Take a ride in a taxi to experience the career firsthand. Speak with cab drivers during the ride to learn more about their work and the pros and cons of the job. Learn more about industry news and find information about upcoming meetings and events through the Transportation Alliance: https://www.thetransportationalliance.org.
Taxicabs are an important part of the mass transportation system in many cities, so drivers need to be familiar with as much of the local geographical area as possible. Taxicab drivers are often required to do more than simply drive people from one place to another. They also help people with their luggage. Sometimes they pick up and deliver packages. Some provide sightseeing tours for visitors to a community.
Taxi drivers who are employed by, or lease from, a cab service or garage report to the garage before their shift begins and are assigned a cab. They receive a trip sheet and record their name, date of work, and identification number. They also perform a quick cursory check of the interior and exterior of the car to ensure its proper working condition. They check fuel and oil levels, brakes, lights, and windshield wipers, reporting any problems to the dispatcher or company mechanic.
Taxi drivers locate passengers in several ways. Customers requiring transportation may call the cab company with the approximate time and place where they wish to be picked up, or the customer may make a reservation via a mobile application. The dispatcher uses a two-way radio system to notify the driver of this pick-up information. Other drivers pick up passengers at cabstands and taxi lines at airports, theaters, hotels, and railroad stations, and then return to the stand after they deliver the passengers. Drivers may pick up passengers while returning to their stands or stations. Another manner of pick-up for taxi drivers is by cruising busy streets to service passengers who hail or "wave them down." Customers may also arrange for cab pick-ups through online services such as Uber.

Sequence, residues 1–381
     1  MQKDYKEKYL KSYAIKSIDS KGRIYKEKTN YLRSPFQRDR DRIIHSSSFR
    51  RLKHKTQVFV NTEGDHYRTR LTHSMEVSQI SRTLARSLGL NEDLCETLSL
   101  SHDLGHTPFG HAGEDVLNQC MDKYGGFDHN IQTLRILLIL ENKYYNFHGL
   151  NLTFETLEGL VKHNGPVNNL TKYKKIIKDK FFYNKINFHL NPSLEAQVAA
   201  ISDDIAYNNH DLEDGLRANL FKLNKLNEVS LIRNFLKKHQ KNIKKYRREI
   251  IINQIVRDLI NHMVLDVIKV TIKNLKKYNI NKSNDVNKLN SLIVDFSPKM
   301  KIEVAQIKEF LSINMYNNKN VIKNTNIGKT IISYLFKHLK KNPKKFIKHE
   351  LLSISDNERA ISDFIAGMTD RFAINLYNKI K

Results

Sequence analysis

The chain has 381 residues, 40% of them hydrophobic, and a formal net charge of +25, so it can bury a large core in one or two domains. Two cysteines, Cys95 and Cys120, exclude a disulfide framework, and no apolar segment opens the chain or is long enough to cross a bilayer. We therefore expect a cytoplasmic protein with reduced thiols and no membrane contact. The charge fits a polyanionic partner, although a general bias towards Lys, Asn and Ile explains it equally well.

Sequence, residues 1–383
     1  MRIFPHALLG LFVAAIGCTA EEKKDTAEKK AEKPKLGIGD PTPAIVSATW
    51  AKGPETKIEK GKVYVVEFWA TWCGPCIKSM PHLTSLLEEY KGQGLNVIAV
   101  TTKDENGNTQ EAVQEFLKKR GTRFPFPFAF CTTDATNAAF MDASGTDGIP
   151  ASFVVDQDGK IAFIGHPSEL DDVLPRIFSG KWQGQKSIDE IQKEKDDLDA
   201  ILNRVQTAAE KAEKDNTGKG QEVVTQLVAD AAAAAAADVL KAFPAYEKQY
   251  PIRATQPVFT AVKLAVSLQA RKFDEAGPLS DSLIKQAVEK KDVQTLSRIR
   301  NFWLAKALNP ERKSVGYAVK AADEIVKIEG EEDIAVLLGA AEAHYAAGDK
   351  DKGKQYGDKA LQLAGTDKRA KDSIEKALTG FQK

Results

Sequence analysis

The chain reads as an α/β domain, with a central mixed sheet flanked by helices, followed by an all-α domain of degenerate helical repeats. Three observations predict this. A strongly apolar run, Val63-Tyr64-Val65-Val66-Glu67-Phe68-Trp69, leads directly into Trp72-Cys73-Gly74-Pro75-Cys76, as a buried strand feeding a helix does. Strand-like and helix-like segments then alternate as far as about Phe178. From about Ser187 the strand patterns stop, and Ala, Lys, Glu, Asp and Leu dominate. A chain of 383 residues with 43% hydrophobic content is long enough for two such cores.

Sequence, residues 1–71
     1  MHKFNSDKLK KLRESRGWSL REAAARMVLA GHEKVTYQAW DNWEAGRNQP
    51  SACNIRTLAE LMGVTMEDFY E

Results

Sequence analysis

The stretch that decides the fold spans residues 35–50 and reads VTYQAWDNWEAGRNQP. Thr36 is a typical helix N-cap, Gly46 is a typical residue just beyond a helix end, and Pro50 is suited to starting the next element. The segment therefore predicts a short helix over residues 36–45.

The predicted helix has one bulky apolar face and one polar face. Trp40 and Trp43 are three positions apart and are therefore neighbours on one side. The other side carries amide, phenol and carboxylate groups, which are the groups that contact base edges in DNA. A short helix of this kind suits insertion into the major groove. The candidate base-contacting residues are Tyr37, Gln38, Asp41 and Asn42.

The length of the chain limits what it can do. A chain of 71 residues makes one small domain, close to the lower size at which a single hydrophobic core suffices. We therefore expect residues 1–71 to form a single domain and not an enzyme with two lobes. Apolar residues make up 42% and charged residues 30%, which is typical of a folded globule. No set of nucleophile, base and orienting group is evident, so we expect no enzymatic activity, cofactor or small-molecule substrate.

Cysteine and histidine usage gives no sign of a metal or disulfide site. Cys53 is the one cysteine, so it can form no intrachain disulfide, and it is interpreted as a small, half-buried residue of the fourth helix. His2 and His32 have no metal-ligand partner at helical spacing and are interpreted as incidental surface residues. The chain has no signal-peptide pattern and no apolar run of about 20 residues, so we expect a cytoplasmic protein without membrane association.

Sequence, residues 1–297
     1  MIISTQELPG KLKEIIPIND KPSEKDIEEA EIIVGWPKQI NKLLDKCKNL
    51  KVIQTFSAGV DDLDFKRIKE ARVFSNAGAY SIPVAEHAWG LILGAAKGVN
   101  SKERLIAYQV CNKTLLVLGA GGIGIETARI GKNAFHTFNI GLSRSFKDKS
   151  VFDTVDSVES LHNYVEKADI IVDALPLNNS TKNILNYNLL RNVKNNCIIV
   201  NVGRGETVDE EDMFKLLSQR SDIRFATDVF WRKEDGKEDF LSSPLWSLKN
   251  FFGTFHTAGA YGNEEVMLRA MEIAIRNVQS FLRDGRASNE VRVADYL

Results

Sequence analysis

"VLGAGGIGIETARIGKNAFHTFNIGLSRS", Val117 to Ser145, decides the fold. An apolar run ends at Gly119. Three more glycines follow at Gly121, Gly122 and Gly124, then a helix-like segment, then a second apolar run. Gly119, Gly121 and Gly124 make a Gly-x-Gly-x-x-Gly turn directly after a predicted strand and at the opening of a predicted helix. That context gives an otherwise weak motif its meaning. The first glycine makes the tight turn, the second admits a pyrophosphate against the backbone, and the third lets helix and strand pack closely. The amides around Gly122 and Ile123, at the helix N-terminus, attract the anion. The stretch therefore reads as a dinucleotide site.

When a destination is reached, the taxi driver determines the fare and informs the rider of the cost. Fares consist of many parts. The drop charge is an automatic charge for use of the cab. Other parts of the fare are determined by the time and distance traveled. A taximeter is a machine that measures the fare as it accrues. It is turned on and off when the passenger enters and leaves the cab. Additional portions of the fare may include charges for luggage handling and additional occupants. Commonly, a passenger will offer the taxi driver a tip, which is based on the customer's opinion of the quality and efficiency of the ride and the courtesy of the driver. The taxi driver also may supply a receipt if the passenger requests it.
Taxi drivers are required to keep accurate records of their activities. They record the time and place where they picked up and delivered the passengers on a trip sheet. They also have to keep records on the amount of fares they collect.
There are taxis and taxi drivers in almost every town and city in the country, but most are in large metropolitan areas.